I remembered what it had been like when I had been with Pulteney, following on behind a young woman. He had such a fascination with a woman’s voice, and I could see why. There was such lightness in it, an innocence that had never seen the things in battle that I had. I envied it, and admired it, while I hated it. It had something that I wanted for myself, and that I could never know again.

Now, I was back in Birtleby and on the path to the Ridges, and there was another young woman in front of me. This one had dark curly hair, and there was a self-righteousness in her strut that I hated. She had a dog with her, a brown-and-white spaniel cross. He was leading her a dance and did not give her any choice but to follow where he led. He took us all the way back there – where it had all happened.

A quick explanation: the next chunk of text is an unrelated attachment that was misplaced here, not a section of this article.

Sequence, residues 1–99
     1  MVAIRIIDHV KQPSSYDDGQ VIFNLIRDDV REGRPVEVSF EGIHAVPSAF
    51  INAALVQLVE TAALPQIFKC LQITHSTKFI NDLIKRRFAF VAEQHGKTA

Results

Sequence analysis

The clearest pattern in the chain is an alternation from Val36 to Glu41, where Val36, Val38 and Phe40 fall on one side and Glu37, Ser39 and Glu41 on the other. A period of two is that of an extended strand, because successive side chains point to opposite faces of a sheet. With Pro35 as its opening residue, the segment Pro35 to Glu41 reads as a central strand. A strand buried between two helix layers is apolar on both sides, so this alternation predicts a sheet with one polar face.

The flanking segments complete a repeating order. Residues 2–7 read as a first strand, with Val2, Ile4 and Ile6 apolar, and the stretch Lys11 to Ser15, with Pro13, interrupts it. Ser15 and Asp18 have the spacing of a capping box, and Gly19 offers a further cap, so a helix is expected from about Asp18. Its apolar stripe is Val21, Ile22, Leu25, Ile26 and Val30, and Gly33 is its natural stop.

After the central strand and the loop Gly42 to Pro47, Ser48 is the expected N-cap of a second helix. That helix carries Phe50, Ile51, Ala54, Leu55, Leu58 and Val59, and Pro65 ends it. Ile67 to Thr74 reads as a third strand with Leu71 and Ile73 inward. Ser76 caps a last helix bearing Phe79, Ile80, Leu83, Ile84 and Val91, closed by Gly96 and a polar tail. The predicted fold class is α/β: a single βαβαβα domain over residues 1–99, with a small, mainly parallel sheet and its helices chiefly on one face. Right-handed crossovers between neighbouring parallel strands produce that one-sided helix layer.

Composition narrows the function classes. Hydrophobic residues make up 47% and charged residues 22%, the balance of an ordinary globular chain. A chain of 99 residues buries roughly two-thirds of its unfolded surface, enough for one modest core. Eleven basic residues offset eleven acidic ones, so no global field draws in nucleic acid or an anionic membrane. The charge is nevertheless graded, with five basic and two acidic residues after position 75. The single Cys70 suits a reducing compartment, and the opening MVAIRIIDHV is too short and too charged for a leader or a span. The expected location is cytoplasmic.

As I walked behind that young woman, the rage built up inside just as it had done then. It was powerful, much stronger than I was, so irresistible I thought it must destroy me, and I wondered how I could get rid of it. We were now out in the middle of the dunes and I looked around me. There was no one else to be seen.